The Fed enshrined that 2 percent policy in 2012 making it the standard for saving us from monetary disaster. That’s the goal, 2 percent, but why 2 percent?  Explained St. Louis Fed President James Bullard in a January 16, 2019 paper by the St. Louis Fed, “To clarify, this does not mean inflation must be 2 percent in the short term; rather, monetary policy should be set so that inflation moves toward the target over time and, in the absence of unpredictable changes in either supply or demand, would reach 2 percent in the medium term.”

That still doesn’t answer the question. Why not 0 percent, 1 percent, or 3 percent? One of the Fed’s most important mandates along with low unemployment is to maintain stable prices. And 2 percent does that how? One way is by keeping inflation from being “too low.” Jerome Powell, current Fed chairman finds too-low inflation concerning. Too-low inflation can result in deflation, and they just can’t let that happen. Deflation can devastate the economy, they say, because people put off buying or don’t buy at all. If prices drop, people put off purchases waiting for prices to drop further. Thus, if say a 60-inch smart TV’s price drops to $700, people in the market for one might just wait for the price to drop to $650, and when it does, to avoid paying “too much,” wait again until it drops to $600. Spread that through the entire economy and slower sales in all categories can result in businesses laying off workers thus driving up unemployment, Powell warns.

The last time this country went into a “deflationary spiral” occurred in 1954 during the 1953- 1954 Post-Korean War Crisis when prices deflated, going down below zero to a minus-.07 percent. Coincidentally, that also marked the time when the Dow returned after 25 years to its 1929 high. The panicked Fed for the first time in history intervened and initiated a Federal Funds rate of 1.25 percent. Ever since, the Fed has seen to it that the inflation rate never again drops into negative territory.

Why did it pick that 2 percent figure? Not from any research, but just from a side comment by the New Zealand Finance Minister Don Brash in September of 1988. He commented in a TV interview that he thought the maximum inflation target should be 2 percent. Why? he never said. It was just his idea and opinion, supposedly from careful reasoning, but if he had a reason, he never let on what that reason was. Nevertheless, that 2 percent figure stuck in the notions of economists with the Fed and other bastions of economics ever since.

In 1996 becoming unofficial policy and in January 2012 written–in-stone, it still leaves unanswered the question of why that 2 percent figure, or any specific figure. Explanations run the gamut from speculation to monetary policy.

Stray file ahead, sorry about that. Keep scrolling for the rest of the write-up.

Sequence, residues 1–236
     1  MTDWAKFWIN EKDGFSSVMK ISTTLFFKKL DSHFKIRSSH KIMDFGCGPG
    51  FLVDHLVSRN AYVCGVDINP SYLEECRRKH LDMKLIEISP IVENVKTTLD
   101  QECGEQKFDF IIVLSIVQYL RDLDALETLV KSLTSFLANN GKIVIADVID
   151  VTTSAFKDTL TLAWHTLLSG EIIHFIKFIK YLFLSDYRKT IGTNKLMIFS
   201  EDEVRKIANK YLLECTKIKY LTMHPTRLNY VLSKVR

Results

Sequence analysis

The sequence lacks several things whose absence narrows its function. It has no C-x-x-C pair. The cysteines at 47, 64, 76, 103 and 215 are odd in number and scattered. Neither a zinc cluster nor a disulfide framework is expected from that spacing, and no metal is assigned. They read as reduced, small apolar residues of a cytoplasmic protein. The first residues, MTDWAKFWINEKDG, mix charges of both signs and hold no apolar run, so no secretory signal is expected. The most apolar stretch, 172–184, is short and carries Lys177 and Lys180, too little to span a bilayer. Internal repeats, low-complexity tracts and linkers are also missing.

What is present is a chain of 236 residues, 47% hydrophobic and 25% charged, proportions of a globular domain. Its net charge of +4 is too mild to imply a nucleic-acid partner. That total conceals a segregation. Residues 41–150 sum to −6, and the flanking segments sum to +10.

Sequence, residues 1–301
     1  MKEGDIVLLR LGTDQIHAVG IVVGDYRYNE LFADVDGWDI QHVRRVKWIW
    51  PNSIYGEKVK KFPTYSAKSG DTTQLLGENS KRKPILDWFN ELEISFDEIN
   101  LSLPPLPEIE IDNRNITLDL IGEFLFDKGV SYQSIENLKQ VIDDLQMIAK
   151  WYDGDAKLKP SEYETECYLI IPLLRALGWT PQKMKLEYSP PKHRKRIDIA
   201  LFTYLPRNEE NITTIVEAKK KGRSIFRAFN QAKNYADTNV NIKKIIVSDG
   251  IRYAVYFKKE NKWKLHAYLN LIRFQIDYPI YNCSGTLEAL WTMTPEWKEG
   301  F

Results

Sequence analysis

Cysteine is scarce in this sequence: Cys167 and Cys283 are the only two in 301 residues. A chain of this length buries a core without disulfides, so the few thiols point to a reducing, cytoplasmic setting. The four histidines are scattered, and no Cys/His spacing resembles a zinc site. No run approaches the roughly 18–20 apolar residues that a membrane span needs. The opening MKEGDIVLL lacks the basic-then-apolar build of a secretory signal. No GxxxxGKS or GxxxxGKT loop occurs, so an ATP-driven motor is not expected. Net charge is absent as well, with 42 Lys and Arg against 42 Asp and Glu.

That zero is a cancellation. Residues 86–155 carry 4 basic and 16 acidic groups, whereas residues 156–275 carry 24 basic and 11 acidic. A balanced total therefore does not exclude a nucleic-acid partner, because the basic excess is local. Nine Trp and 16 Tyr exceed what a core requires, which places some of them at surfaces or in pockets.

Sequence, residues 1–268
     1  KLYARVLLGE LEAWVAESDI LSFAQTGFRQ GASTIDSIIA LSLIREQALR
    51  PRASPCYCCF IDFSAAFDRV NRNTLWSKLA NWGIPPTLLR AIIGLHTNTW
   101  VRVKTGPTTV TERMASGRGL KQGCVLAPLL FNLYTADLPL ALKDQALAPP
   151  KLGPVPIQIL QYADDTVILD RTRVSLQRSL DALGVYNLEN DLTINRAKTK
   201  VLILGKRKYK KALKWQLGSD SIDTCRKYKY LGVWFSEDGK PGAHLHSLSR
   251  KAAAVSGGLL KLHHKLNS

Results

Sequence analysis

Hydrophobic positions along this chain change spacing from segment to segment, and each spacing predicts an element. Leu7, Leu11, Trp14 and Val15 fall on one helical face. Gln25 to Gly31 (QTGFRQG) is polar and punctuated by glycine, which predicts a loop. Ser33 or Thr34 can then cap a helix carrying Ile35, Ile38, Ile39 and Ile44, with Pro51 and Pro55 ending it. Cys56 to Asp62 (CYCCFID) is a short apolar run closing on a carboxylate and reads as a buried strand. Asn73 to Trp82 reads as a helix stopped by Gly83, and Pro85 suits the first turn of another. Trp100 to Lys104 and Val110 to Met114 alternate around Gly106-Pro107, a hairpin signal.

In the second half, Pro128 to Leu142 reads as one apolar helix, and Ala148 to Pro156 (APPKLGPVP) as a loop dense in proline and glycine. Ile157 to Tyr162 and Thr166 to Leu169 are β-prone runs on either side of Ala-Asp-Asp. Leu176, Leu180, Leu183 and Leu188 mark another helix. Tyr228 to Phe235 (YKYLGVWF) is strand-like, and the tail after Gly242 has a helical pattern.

With monetary policy, the reason they most often pulled out in defense, the 2 percent figure gives the Fed room to move the federal funds rate up and down without dropping into negative territory, a territory where banks would have to charge saving account holders to have savings accounts. Sweden’s central bank used them first when in July 2009 the Riksbank cut its overnight deposit rate to -0.25 percent. The European Central Bank (ECB) joined the club in June 2014 when it dropped its deposit rate to -0.1%. Other European countries and Japan have imposed negative interest rates since, resulting in $9.5 trillion worth of government debt carrying negative yields in 2017. That didn’t go over well with governments and savers.

But still, a question still remains, why 2 percent, or even one percent? Apparently there is no concrete reason. It’s just that the Fed decided on that figure because it was as good as anything and some Finance Minister in New Zealand suggested it once in passing.

Far from an accurate measure of the cost of living, the official inflation rate measures prices selectively. The Bureau of Labor Statistics calculates the inflation rate by taking the Personal Consumption Expenditures (PCE) and dividing it by the Gross Domestic Product (GDP). What’s not included in the PCE and thus the inflation figures are food and energy. Thus, food prices might increase by 10 percent and gasoline by 20 percent, for example, and the inflation calculation won’t include those. In February 2023, food prices had increased by 10.2 percent over February 2022’s prices while the official inflation figure measured five percent over the same period.  At the same time, gas prices rose exponentially as we see every time we drive past a gas station. Still those price increases are left out of the official inflation numbers. The reason, claims the Bureau of Labor Statistics: food and gas prices are too volatile,.

In the meantime, inflation affects people’s purchasing power. Some wages have kept up with inflation while others have dragged behind. The big winners, if you can call them that, are low-paying jobs. With labor shortages in leisure, hospitality, and other service industries, employers have resorted to offering higher wages. Industries with higher average pay have done the opposite. For example, the BLS reported in March average pay for new hires fell 9 percent in insurance, 8 percent in real estate, 5 percent in finance, and 15 percent in information, including technology. Employees in other industries have fared even more poorly. Gusto, a payroll processor for small businesses, reports that advertised salaries for Class A truck drivers fell 33 percent, for landscapers 44.5 percent, for customer service specialists 21.3 percent, for surgical nurses 5 percent, and for delivery drivers 4.5 percent.